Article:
Photo © John Edward Linden

Contemporary Art Museum Raleigh

Brooks + Scarpa Architects


Urban revival Carolina style: Located in a restored produce warehouse, an innovative art center links past and present in an emerging historic district with a promising future.

By Linda C. Lentz

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One of the country's “best” and “fastest-growing” cities (according to Bloomberg BusinessWeek and Forbes), Raleigh has a lot going on in and around its 144 square miles: North Carolina state government facilities, major universities, a vibrant tech industry, and a multifaceted cultural scene. Luckily, a quorum of local officials, professionals, and entrepreneurs strives for an urbanscape that both looks to the future of this small, thriving metropolis and retains its Southern charms.

The city's busy downtown is a hybrid collection of buildings dating from the 18th century to a new convention center and Marriott. Just a block away, the Depot Historic District resonates with the vernacular of its heyday (from the 1880s to the 1950s) as a commercial railroad hub. The four blocks of low-rise brick warehouses, factories, and depots appear to be frozen in time. But stretching out among them, the bold, cantilevered canopy of Raleigh's Contemporary Art Museum (CAM) serves as a vivid affirmation that the neighborhood is moving forward.

A non-collecting museum, CAM Raleigh showcases the work of emerging artists. It is affiliated with North Carolina State University, and hosts educational programs for community schools. So while this museum did not require special climate-control systems, the directors did ask the architects to include space for a learning center and for special events. They also wanted the architecture to echo CAM's innovative agenda.

Designed by the Los Angeles–based Brooks + Scarpa, the recently completed CAM is already an icon in the area, which feels a lot like New York City's SoHo in the 1970s. Extant businesses stand alongside a growing number of galleries, design studios, shops, and watering holes in restored spaces, with some thoughtful mixed-use developments at the periphery of the neighborhood. The city is also building a new light-rail terminal here that will guarantee commuter traffic. Design principal Lawrence Scarpa, whose firm had a small office in Charlotte at one time, picked up on this vibe and developed a scheme that exploits the 21,000-square-foot structure's “good bones.”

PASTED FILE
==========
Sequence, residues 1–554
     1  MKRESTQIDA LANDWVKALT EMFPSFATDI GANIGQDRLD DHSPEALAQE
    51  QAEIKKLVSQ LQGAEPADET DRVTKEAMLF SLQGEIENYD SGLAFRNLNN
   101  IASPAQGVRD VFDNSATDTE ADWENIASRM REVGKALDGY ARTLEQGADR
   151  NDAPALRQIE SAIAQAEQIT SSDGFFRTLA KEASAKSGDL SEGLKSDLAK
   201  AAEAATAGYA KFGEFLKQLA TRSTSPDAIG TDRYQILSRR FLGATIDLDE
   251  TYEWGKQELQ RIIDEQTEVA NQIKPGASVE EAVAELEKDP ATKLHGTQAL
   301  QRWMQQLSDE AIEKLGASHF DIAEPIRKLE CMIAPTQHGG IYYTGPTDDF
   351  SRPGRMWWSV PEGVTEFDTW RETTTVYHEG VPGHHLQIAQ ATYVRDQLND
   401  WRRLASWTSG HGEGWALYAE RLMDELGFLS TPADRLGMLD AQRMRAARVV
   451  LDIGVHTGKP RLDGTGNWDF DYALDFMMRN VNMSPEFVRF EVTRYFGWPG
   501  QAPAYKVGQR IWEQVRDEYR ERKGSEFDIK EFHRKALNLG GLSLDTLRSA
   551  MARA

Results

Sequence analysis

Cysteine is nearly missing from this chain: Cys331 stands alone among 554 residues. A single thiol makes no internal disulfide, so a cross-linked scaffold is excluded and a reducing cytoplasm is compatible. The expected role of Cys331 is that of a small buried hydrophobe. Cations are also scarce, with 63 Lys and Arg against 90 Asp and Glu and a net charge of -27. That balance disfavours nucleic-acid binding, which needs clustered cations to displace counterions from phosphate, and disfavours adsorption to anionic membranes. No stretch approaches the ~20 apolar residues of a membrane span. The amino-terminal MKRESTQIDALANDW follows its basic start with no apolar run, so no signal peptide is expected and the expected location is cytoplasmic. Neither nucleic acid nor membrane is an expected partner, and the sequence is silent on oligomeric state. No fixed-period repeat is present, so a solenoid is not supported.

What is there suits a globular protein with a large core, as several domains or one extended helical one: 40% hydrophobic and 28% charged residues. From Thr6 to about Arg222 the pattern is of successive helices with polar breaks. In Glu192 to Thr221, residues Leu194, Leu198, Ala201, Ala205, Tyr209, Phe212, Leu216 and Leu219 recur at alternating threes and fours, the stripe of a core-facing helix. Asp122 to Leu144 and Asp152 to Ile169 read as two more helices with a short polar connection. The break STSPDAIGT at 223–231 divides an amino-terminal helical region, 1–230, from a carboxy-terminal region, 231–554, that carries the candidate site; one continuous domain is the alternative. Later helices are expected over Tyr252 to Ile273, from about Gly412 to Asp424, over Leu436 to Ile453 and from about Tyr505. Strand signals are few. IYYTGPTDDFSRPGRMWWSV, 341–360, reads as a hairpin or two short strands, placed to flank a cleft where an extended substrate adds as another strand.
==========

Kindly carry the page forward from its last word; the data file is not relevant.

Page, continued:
The two-story masonry warehouse was built for a blacksmith in 1910, then enlarged slightly by Brogden Produce 15 years later. When CAM purchased the property in 1997, its northern elevation was completely covered with metal panels. Scarpa stripped the facade, restoring the brick and glazing the three bays underneath. Then he cleared the interior, leaving the original steel and masonry intact, and integrating mechanicals and insulation so that the place feels like it might have when it was built. In the first of two significant moves, Scarpa sliced through the thick concrete floor, where a large coal chute once divided the slightly raised main volume from the 1925 street-level addition. This allows a new basement gallery to connect with two open, split-level galleries above, via a steel mesh bridge and stairs. A ramp and new elevator (configured within the old cage) provide universal access to the sub-grade gallery, office, and art preparation room.

In a grand gesture, meant to be as much art as functional device, Scarpa added a 900-square-foot glazed entrance pavilion along the east elevation, creating a sculpture garden out front. Taking his cues from the loading dock it was replacing, he played with the shed roof in plan, folding it into an origami-like plane that dips and sails out from the building and flows into the lobby as a ceiling, for a fluid transition from outdoor to indoor space.

This ethereal tour de force is made of steel beams, painted pale blue to mimic a Southern porch ceiling. The beams support a sheer polycarbonate roof on top and an aluminum insect mesh lined with a whimsical array of powder-coated petals underneath.

“The idea is that you have a building from a period that is heavy and permanent,” says Scarpa. “The [canopy] is light and floating, so there is tension between the two—one representing today and the other yesterday.”

Cost: $3,400,000

Completion date: December 2010

Gross square feet: 22,300


BROOKS SCARPA (Design Architect)
4611 W. Slauson Ave
Los Angeles, CA 90043
F: 310-828-453-9606

CLEARSCAPES (Architect of Record)
311-200 West Martin Street
Raleigh, NC 27601
F: 919-821-0804

November 2011
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